Fight inflammation with good nutrition

  • Cruciferous vegetables are rich in sulforaphane, which have been studied for its ability to block an enzyme thought to cause joint pain and inflammation.

    Cruciferous vegetables are rich in sulforaphane, which have been studied for its ability to block an enzyme thought to cause joint pain and inflammation.

  • Illinois Bone & Joint Institute's OrthoHealth Registered Dietitian Arleen Temer-Wittcoff likes to think of food as medicine, a concept that stands the test of time.

    Illinois Bone & Joint Institute's OrthoHealth Registered Dietitian Arleen Temer-Wittcoff likes to think of food as medicine, a concept that stands the test of time.

 
By Stefanie Dell’Aringa
Illinois Bone & Joint Institute
Updated 5/19/2022 1:42 PM

What is inflammation and how can it harm you? Your body is responding to a perceived invader and trying to fight it. According to the National Institutes of Health's Aging & Disease, "one of the major changes that occur during aging is the dysregulation of the immune response, leading to a chronic systemic inflammatory state." ("Redefining Chronic Inflammation in Aging and Age-Related Diseases," April 2019, www.nih.gov.)

If your body is constantly inflamed, it's more at risk for health problems like diabetes, obesity, stroke, arthritis, depression and Alzheimer's disease.

 

You've probably heard that red or processed meat, processed flour products, fried foods and sugary drinks can cause inflammation. But there are foods that can reduce inflammation and possibly lead to less joint pain, more energy and improved overall health.

Food as medicine

IBJI's OrthoHealth Registered Dietitian Arleen Temer-Wittcoff likes to think of food as medicine, a concept that stands the test of time. Good nutrition is foundational for health. "Every meal becomes an opportunity to nourish the body with nutrients and compounds for muscle synthesis, injury repair, and metabolic stress reduction," she says. Here's a look at some anti-inflammatory foods.

Omega-3 fatty acids

Omega-3 fats provide anti-inflammatory benefits and fish is a great addition to a meal plan. The overlying message is to eat a whole foods diet with fish incorporated once or twice a week. If you don't eat fish, a fish oil or algae supplement is a possible alternative.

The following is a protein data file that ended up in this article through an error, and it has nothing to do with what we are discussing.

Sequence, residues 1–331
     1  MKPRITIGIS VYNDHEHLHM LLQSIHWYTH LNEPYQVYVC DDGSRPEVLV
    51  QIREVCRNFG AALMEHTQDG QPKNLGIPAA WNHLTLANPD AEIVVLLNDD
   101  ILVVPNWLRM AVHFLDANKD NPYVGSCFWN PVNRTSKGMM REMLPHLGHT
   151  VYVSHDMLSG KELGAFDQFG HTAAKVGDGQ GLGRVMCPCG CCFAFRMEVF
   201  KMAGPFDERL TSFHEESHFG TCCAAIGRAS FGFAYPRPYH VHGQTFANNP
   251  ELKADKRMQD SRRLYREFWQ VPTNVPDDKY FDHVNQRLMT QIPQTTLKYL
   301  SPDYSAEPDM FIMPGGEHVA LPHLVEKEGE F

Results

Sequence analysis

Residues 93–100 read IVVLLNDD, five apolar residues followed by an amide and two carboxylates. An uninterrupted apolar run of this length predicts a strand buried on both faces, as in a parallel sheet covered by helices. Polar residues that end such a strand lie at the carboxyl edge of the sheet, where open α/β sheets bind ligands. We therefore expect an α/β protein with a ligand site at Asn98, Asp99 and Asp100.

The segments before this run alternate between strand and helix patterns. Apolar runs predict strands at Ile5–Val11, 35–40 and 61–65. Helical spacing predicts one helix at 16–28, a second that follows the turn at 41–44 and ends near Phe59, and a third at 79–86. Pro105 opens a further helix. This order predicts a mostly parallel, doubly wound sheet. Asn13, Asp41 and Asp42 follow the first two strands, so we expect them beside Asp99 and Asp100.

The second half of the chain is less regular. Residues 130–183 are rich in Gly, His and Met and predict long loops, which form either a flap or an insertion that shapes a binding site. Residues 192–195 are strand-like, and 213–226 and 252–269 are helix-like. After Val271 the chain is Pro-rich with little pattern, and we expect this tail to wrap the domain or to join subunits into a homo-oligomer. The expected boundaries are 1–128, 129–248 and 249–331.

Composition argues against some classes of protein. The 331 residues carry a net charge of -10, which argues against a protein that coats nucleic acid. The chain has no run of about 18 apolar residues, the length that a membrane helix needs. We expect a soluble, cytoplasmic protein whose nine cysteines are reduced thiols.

In addition to the benefits of omega-3 fatty acids, eating fish is a great source of protein. Recommendations include two 4-ounce servings per week of fish including wild salmon, sardines, cod, herring, lake trout or canned tuna. These options are low in mercury.

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According to a Harvard Health Publishing article, "other omega-3 sources (less potent than fish, however) include ground flax, flaxseed oil, walnuts, and, to a limited degree, green leafy vegetables." If you plan to eat flaxseeds or chia seeds, make sure they're ground to get the full benefits, Temer-Wittcoff recommends. Chia seeds can be easily incorporated into a delicious pudding.

Cruciferous vegetables

Fill your plate with vegetables, especially those that are cruciferous (rich in sulforaphane). Broccoli, cauliflower, Brussels sprouts, and kale are good sources. "Researchers have studied the effects of sulforaphane and it is found to block an enzyme that potentially causes joint pain and inflammation," Temer-Wittcoff says. "If you eat fish, have some broccoli on the side, use spices like turmeric or ginger, and have a glass of green tea. All of these things combined can be helpful in fighting inflammation or pain."

Brightly colored fruits and vegetables

Temer-Wittcoff recommends berries, citrus, peppers, carrots and tomatoes for their rich compounds. Leafy green vegetables, because of nitric oxide, are their own category and help to lower blood pressure. Consider spinach, arugula and cabbage. Either fresh or frozen will do.

Spices

Studies have linked curcumin and ginger to anti-inflammatory responses in the body. Use the dried or fresh versions of ginger and turmeric in cooking. It can be used to spice soups, stews, beans or whole grains. Adding some black pepper is thought to enhance the absorption of curcumin in the turmeric.

                                                                                                                                                                                                                       
 

Green tea

Everyone loves cool beverages in the warmer months. Why not make an iced pitcher of green tea instead of sugary lemonade? Green tea contains polyphenol compounds that have anti-inflammatory properties.

Tip: Have headaches? Temer-Wittcoff recommends adding fresh ginger and turmeric to green tea.

Vitamin supplements

Very few foods contain significant amounts of vitamin D, so most people can benefit from taking time to get outdoors and spend time in the sunshine. According to the Vitamin D Council, regular time in full sunshine can help the body produce its own vitamin D.

If that is not possible then taking a supplement is also a recommendation. Talk to your physician about the dose that is right for you.

Hydration

It's always important to stay hydrated. "Experts say to drink half of your body weight in ounces, which is a blanket statement for healthy audiences," she says. "This is a decent target to hit. If you are exercising and sweating, you may need more."

Optimize your nutrition

IBJI's OrthoHealth program can help you create an individualized plan to optimize your metabolic health. Plus you can get free nutrition tips delivered to your email each month by signing up for our OrthoHealth newsletter. Learn more at ibji.com/orthohealth or call (847) 324-3020.

• Stefanie Dell'Aringa is a copywriter & Social Media Specialist For Illinois Bone & Joint Institute (IBJI).

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